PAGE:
World news wrapup: 22 November 2018


Dayna Less in Kenya. Image: Facebook
Dayna Less in Kenya. Image: Facebook

Tributes for hospital pharmacist killed in Chicago shooting; UK regulator can conduct covert surveillance; young pharmacist murdered in Saudi Arabia

Chicago, Illinois: Family and friends have paid tribute to Dayna Less, a 24-year-old pharmacy resident at Chicago’s Mercy Hospital, who was killed in a shooting at her workplace on Monday.

While at work on Monday afternoon, Ms Less walked out of a lift and into the path of a gunman who had already shot his former fiancée as well as a police officer.

Ms Less, a graduate of Purdue University, was to marry her childhood sweetheart in June, reports the Chicago Tribune.

Ms Less was a survivor of severe, migraine-like headaches which the Tribune says were the result of “nerves that had embedded themselves in her skull” and which responded to surgery. The family blogged about the headaches, which according to Ms Less’ father, Brian Less, helped other families in similar situations.

“She gave and gave and gave,” Mr Less told the Tribune. “She wanted to help people. That’s all she wanted to do. Anybody who knew her loved her.”

Ms Less had undergone work experience in Kenya and also blogged about this, outlining her interest in collaboration and teamwork between health professionals.

“We’ve remembered Dayna Less as a kind, compassionate, beautiful soul that had dedicated her life to helping others,” said Eric Barker, dean of the Purdue College of Pharmacy.

“It’s so tragic that a young person with her life in front of her has had her life ended in this senseless manner.”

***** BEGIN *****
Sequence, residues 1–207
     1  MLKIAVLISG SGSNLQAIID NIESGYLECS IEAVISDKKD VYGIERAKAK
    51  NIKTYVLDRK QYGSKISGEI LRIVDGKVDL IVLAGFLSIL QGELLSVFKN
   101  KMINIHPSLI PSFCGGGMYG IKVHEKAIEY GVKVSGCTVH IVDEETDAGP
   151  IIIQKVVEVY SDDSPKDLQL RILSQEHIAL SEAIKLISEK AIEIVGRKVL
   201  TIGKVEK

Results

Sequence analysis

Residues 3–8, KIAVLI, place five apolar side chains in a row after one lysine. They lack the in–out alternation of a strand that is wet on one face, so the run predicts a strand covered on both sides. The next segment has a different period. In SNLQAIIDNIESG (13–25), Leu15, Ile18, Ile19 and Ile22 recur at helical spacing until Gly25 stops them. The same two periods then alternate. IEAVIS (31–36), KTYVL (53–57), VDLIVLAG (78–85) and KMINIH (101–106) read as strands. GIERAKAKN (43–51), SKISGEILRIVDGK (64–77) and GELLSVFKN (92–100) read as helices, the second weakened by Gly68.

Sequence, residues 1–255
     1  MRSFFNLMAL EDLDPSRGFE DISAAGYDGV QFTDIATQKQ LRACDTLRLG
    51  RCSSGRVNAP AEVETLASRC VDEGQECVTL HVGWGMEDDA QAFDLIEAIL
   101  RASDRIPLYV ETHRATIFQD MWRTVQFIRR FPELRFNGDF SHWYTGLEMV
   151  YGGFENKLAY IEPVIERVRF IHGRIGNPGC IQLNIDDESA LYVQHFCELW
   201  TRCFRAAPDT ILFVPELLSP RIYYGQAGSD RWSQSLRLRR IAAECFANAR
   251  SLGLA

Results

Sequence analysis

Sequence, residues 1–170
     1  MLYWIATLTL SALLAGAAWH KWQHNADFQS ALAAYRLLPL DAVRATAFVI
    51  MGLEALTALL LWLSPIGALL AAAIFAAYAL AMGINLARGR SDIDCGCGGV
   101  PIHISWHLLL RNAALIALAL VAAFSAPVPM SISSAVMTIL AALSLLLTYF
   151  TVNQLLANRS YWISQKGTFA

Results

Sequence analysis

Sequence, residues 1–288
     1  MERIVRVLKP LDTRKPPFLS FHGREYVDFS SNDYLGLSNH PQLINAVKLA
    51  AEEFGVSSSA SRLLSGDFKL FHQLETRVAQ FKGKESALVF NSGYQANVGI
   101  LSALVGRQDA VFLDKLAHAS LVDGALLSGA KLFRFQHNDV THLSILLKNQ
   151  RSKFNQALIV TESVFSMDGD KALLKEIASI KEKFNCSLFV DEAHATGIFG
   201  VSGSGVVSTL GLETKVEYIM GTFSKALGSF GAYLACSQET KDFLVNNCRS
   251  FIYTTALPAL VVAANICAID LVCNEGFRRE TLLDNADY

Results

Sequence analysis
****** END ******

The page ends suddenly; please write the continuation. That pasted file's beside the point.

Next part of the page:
UK: The UK’s pharmacy regulator, the General Pharmaceutical Council, is now legally permitted to conduct surveillance of pharmacists covertly, reports the Pharmaceutical Journal.

This is defined as “the covert monitoring of targets’ movements, conversations and other activities”.

The decision follows a BBC investigation in 2012 which showed that pharmacists were selling controlled drugs without prescription.

After the BBC piece was aired, the GPhC announced it planned to request the power to conduct surveillance on pharmacists of interest, and only in the most serious of circumstances.

“In appropriate cases we now have the power to use directed surveillance (for example monitoring movements or actions) but we do not have the powers to use covert human intelligence sources (for example using an informant/someone acting undercover),” said the GPhC.

“As yet, we have not yet used these new powers.”

 

Jizan, Saudi Arabia: A young Egyptian pharmacist, Ahmed Taha Hussein, has been murdered in Saudi Arabia after he refused to refund a product without a receipt.

According to the Daily News Egypt, Mr Hussein was assaulted by a Saudi citizen after the refund was refused, and the patient later returned to the pharmacy and stabbed the pharmacist seven times.

Mr Hussein was taken to hospital but was unable to be saved.

According to the News, Saudi authorities have arrested a suspect and are continuing their investigations.

The suspects is alleged to be affected by mental illness.

Mr Hussein has been remembered by friends as a “decent person” who had sought work in Saudi Arabia in a bid to help support his family.

The Egyptian Pharmacists’ Syndicate has condemned the crime.

 

Iran: New US sanctions are already having a “chilling effect” on imports of medicines, reports the Washington Post.

Due to its hopes that Iran might give up its ballistic missile program and withdraw support for groups including Hamas and Hezbollah, the Trump administration has imposed a “near-total embargo” on Iran’s economy.

A US spokesperson said that it was not the United States’ responsibility to identify safe channels for humanitarian trade.

Iranians are reportedly concerned that they may not be able to import medicines and medical equipment as a result of the sanctions.

Iranian Foreign Minister Mohammad Javad Zarif has shared communications from European pharmaceutical companies, declaring an end to business activities in Iran, on social media.

The price of some medicines has reportedly soared, while others are now available only on the black market.

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